The real underwater world has already exercised its independence from the work of Simon Faithfull. REEF was fully working for six days, after which he lost transmission.
But there is no going back. The artist did manage to burn and sink a 32-tonne ship. He did manage to salvage nearly a weekâ€™s video feed from five cameras. A partial success then.
If anyone dives, the ship is in Weymouth Bay. A supporting filmÂ reveals thereâ€™s already a conger eel living in the wheel house, so watch out. We wonâ€™t be seeing that any time soon in the gallery.
What we can experience is a cavernous darkness and a resonant tidal throb by which it seems the entire former fishing chapel of Fabrica in Brighton has been sunk for this.
A strange cargo of monitors glows with pre-recorded footage. And one has to look up, as if to the surface of the waves, to watch a film of the 32 tonne ship as smoke billows and waters flood in.
But despite the temptations of the deep (the temptations to read this piece as a comment on anything from the human condition to the eternal unknowable), we mightnâ€™t go there.
REEF could simply be about itself: â€œThe thing I came for:/the wreck and not the story of the wreck/the thing itself and not the mythâ€ as poet Adrienne Rich once described a diving experience.*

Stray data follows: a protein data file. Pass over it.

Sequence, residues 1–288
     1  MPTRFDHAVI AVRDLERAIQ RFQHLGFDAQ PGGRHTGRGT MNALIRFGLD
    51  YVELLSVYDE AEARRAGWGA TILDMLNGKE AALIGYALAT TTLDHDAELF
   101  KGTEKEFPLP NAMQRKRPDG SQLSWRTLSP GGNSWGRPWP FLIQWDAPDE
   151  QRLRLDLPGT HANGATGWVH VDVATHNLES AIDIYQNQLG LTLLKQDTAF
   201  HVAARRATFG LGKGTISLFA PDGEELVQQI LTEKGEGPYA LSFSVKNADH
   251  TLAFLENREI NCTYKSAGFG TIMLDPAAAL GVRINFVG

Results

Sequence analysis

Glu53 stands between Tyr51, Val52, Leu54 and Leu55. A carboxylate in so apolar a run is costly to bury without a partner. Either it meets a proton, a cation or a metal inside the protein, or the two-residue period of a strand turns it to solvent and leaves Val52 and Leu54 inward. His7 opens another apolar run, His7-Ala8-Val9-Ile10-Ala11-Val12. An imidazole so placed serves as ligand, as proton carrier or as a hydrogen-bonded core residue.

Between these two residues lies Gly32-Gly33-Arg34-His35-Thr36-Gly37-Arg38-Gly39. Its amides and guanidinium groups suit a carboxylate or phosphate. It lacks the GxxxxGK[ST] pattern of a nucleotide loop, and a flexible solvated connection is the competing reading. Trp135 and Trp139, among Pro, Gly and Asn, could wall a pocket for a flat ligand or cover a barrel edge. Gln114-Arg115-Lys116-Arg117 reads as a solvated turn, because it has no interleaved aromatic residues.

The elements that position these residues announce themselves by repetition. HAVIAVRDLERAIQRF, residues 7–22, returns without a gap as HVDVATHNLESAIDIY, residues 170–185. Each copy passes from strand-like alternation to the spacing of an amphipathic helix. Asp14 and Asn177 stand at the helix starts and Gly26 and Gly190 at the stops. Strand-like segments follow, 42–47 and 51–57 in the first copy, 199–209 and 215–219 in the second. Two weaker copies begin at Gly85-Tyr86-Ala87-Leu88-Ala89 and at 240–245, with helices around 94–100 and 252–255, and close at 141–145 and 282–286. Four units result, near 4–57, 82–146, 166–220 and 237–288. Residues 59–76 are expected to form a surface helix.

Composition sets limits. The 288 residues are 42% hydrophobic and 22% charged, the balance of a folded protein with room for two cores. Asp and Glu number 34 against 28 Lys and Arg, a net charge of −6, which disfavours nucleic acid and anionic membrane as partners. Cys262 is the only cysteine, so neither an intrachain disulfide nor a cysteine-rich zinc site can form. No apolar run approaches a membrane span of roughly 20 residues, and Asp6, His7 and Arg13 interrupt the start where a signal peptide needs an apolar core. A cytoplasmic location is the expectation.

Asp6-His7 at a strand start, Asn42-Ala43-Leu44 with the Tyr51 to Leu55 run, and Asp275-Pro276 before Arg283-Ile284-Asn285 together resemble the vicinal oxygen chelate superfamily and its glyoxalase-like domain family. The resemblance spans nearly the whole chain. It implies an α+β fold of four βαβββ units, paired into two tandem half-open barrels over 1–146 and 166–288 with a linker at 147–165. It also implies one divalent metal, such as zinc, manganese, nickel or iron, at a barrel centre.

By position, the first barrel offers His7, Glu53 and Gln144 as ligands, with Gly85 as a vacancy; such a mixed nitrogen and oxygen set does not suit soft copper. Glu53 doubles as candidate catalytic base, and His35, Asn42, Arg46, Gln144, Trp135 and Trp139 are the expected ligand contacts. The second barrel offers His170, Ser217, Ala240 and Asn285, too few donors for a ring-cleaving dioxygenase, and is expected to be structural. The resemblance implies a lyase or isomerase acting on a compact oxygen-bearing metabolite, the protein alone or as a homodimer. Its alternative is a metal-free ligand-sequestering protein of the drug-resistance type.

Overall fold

So . . . Fabrica, Photoworks, MusÃ©e des Beaux Arts (Calais), and FRAC Basse Normandie (Caen) have joined forcesÂ to provide a possibly sunken institutional structure.
Wreck to Reef, Art AV, Field Broadcast, Oâ€™Three, Precision Energetics, Dorset County Council, Weber Industries, Ringstead Caravans and Quest Underwater Services provide the ecosystem.
To see so many bodies pulling together to produce an act of conservation, let alone an epic piece of public art, is as inspiring as any number of visitsÂ to an aquarium.
And there is a precedent for such aÂ comparison. In his diaries, Paul Klee records a â€œrefreshingly bizarreâ€ visit to an aquarium, where an octopus reminded him of an attentive art dealer.**
*Adrienne Rich, Diving into the Wreck, reproduced in Aquatopia, published by Nottingham Contemporary and Tate in 2013
**cited in Otherworldly, an essay by J Malcolm Shick, in Underwater, published by Towner Gallery in 2010.Â
REEF can be seen at Fabrica, Brighton, until November 23 2014.